Review : The Pains Of Being Pure At Heart - Higher Than The Stars EP
DrownedinsoundTwelve months ago The Pains Of Being Pure At Heart were something of an underground secret. To say this past year has been a triumphant one for the Brooklyn foursome would be little short of an understatement. If anything, their rise to genuine mainstream contenders feels like a signature of auspicious patronage to a scene derided by many as being deliberately obscure or elitist; yet one listen to anything The Pains Of Being Pure At Heart would suggest anything other than a holier than thou sense of bravado.
While most of their contemporaries rest on their laurels seeing out contractual obligations whilst issuing that umpteenth single off their year old album, The Pains Of Being Pure At Heart break the mould once more by not only putting together an EP of previously unreleased material, but also in raising the quality bar that slight notch higher. Far from being leftovers from their eponymous album sessions, 'Higher Than The Stars' and its three brand new accomplices represent a steady development that doesn't rely on the distortion infused likes of early releases The Pains Of Being Pure At Heart EP and 'Come Saturday', but actually adds a glistening sheen and polish fit for radio or any other medium of mass consumption....full text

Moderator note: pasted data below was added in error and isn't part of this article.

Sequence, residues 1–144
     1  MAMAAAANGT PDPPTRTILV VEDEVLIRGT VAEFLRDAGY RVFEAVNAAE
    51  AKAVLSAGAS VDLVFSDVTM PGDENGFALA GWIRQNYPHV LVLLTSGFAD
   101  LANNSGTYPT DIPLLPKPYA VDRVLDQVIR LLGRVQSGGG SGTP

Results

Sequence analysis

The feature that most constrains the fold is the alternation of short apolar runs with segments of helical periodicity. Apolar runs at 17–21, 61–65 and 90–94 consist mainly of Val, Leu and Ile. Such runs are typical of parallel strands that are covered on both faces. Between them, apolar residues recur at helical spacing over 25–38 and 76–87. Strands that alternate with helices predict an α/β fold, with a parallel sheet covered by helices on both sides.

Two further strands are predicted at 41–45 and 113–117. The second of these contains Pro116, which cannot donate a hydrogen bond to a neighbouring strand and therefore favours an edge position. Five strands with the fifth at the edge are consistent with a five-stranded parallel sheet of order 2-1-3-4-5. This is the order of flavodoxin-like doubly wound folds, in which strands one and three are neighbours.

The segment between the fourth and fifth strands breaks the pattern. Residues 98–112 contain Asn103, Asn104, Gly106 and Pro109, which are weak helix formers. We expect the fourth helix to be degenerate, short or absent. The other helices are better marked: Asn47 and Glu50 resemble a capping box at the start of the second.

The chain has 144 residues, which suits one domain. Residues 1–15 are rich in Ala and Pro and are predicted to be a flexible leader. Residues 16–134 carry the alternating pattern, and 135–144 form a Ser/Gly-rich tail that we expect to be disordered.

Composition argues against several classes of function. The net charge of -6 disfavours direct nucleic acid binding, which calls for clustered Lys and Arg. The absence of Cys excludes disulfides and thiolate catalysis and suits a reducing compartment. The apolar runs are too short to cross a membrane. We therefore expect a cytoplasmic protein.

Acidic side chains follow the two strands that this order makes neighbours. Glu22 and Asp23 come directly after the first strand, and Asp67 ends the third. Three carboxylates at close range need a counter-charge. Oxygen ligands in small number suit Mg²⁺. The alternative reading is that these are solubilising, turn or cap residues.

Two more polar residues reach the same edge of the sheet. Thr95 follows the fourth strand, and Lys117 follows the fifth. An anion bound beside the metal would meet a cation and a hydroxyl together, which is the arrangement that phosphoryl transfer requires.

MusicomhApart from having a brilliant band name, The Pains Of Being Pure At Heart are quickly becoming one of the most talked about new bands of 2009.
The ethereal and saccharine-thick indie-pop of their self-titled debut album back in February of this year met with a wall of widespread critical acclaim that was echoed and amplified by a rapidly expanding fanbase. This short EP is an affirmation of their talents, and unveils a band in a vein of fruitful form.
It begins with the title track as celestial synths race along a hypnotic rhythm section. The dreamy, effortless vocal from Kip Berman only adds to the sensation that, for all the world, this band sound like they should be from Scandinavia rather than Brooklyn.
103 is packed heavy with walls of lo-fi The Jesus And Mary Chain guitar noise, but is underpinned by an ever-present sense of melody and engaging pop nous. Falling Over, meanwhile, is as '80s as a backcombed leopard-print mullet with a Rubix cube nestled in it, and would throw Black Kids into a I'm-waggling-my-hips-but-I'm-actually-quite-jealous kind of a dance move...full text
InthenewsIn a nutshell…
Fuzzy, hazy, gorgeous indie pop.
What's it all about?
More dreamy indie that craves to fly away from the banality of the everyday. On this EP, Pains manage to transcend the mundane in both theme and sonically, much in the same way their self-titled debut did.
Who's it by?
Pains released their debut album earlier this year. Not only did it feel like a breath of fresh air, it seemed like they had reinvigorated the kind of delirious, fuzzy indie pop that hadn't been heard for years.
As an example…
"Now you can't think straight, because you're not straight/ in the back of her mother's car."
What the others say
"Our main problem is with the fact that over the course of the five tracks, not one song seems to stand out, opting instead for one constant stream of annoying, badly produced sound and refusing to diversify, even once." - Brad Kelly, Strangeglue...full text
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